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Bitcoin Inscription Craze Fades As Miner Fee Plunges

On-chain data shows the Bitcoin Inscription craze is dying as the miner revenue from transaction fees has plunged.

Bitcoin Miner Revenue From Fees Has Dropped To Just 6% Now

At the end of 2022, a new application of the Bitcoin blockchain emerged: the “Inscriptions.” In simple terms, an Inscription is metadata “inscribed” onto the smallest unit of Bitcoin, the satoshis (sats).

Any data type can be attached with BTC transactions this way, as long as it abides by the block size limit of 4MB. Over 2023, applications of the technology like non-fungible tokens (NFTs) and BRC-20 tokens gained life on the network.

Since the Inscriptions arrived on the scene, the popularity of these transactions was especially high during two periods in particular. They drastically affected the mining economics of the blockchain, at least for a brief while.

As the Inscriptions are like any other transactions on the network, they affect the metrics related to them. The transfer fee is one metric on which the Inscriptions had a sizeable impact.

The fee in question is naturally the one any sender on the network has to attach with their transactions as a reward for the miner, who would add it to the next block.

How much fee a user would be willing to attach with their transfers depends on the traffic conditions. During periods of congestion, transfers can end up waiting a while in the mempool, so those who don’t want to risk waiting can choose to go with a higher-than-average fee.

In times of especially high traffic, the average fee can blow up as users compete against each other in this manner to beat the rush. On the other hand, periods of low activity usually witness low network fees, as users have little incentive to go for any high amounts.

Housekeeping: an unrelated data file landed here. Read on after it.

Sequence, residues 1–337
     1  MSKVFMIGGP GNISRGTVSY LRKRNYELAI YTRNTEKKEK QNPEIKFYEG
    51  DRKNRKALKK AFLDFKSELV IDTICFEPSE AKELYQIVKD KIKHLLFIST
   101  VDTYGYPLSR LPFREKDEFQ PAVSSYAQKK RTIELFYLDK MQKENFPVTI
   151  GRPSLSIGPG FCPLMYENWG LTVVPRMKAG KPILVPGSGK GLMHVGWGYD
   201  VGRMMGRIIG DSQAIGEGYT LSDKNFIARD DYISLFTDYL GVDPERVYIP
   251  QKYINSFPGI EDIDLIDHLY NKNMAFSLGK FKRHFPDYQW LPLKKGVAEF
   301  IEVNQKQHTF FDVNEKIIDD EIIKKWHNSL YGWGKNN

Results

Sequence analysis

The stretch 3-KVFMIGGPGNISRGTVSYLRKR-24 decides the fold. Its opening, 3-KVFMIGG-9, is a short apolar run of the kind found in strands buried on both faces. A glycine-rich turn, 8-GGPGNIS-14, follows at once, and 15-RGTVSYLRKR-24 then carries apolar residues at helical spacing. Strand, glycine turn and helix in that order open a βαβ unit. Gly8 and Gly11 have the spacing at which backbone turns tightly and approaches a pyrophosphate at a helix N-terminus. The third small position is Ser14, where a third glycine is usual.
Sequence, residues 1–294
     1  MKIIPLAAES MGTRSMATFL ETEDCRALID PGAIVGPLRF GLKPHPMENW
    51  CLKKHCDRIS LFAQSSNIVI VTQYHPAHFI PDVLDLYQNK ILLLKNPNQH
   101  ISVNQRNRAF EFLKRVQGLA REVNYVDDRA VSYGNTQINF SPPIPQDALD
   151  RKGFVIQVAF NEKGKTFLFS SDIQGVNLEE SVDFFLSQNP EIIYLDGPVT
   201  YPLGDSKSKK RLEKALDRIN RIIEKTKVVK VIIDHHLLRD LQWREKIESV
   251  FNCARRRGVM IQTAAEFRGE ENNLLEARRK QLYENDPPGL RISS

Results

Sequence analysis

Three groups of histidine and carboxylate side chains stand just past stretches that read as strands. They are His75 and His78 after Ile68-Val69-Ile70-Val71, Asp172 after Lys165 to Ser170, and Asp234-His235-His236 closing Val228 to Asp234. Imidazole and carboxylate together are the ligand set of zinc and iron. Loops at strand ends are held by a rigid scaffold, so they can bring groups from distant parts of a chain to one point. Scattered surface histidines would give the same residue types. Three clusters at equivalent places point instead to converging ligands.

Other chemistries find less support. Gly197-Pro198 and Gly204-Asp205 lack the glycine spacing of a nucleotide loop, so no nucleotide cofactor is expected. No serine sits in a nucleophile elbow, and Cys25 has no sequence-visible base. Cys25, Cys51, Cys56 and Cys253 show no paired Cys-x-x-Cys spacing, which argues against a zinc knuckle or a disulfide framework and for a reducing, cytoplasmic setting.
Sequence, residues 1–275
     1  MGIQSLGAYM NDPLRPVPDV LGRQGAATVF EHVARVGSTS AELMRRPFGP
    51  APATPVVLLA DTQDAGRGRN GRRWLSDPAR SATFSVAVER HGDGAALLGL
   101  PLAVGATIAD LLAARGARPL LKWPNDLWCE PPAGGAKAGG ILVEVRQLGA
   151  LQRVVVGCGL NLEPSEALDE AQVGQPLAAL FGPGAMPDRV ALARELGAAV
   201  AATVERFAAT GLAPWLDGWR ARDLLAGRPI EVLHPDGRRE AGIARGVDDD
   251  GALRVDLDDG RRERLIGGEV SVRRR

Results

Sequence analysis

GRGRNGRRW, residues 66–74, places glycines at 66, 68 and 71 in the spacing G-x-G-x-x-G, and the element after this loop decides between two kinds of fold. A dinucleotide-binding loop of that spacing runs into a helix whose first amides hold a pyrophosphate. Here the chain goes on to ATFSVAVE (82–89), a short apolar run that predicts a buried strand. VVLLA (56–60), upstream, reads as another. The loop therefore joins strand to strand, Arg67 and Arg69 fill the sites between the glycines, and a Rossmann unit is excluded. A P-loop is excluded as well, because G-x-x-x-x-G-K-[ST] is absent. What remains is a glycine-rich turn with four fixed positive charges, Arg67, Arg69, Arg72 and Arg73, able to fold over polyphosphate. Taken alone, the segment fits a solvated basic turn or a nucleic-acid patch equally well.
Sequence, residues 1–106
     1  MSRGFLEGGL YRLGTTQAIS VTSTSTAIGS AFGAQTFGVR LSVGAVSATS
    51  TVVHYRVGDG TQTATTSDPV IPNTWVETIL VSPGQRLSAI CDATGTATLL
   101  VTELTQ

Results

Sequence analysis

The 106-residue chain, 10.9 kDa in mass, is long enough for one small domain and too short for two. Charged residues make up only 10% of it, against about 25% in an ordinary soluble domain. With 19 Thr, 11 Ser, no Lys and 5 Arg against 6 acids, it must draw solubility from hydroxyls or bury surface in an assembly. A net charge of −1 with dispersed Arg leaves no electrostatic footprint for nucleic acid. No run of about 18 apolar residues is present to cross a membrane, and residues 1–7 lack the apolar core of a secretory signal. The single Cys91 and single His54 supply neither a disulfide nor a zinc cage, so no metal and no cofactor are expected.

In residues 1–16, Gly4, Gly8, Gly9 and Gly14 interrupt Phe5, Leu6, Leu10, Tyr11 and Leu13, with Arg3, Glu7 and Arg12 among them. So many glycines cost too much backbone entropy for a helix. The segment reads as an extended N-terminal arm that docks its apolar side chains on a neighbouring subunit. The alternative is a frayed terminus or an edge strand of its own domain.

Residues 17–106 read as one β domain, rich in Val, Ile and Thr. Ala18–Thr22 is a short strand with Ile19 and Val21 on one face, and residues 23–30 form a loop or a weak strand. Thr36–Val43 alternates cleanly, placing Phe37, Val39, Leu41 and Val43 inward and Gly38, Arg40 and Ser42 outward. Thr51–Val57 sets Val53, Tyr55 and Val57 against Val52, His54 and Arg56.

The periods of Inscription-craze mentioned earlier naturally saw the fees shooting up, as this type of transaction flooded the network, forcing users to pay higher amounts.

The latest of these periods occurred over the last few months, but as analyst James Van Straten explained in a post on X, this recent Inscription boom appears to be over for the cryptocurrency, at least for now.

Bitcoin Miner Revenue From Fees

The value of the metric seems to have plunged down recently | Source: @jvs_btc on X

The chart shows that the transaction fee contribution towards the miner revenues (which have block rewards as their other component) blew up to extremely high levels during the recent and earlier Inscription booms.

These latest periods were sustained for a significant amount of time. Still, the popularity of the Inscriptions has waned now, as the fees only contribute to 6% of the total miner revenues.

Something to note, though, is that while this amount is low, the fees have contributed even less towards the miner revenues historically. For perspective, the current value is over double that of before this latest Inscription boom.

BTC Price

At the time of writing, Bitcoin is trading at around $42,100, up 6% over the past week.

Bitcoin Price Chart

Looks like the price of the asset has seen some pullback over the past day | Source: BTCUSD on TradingView

Featured image from Brian Wangenheim on Unsplash.com, charts from TradingView.com, Glassnode.com


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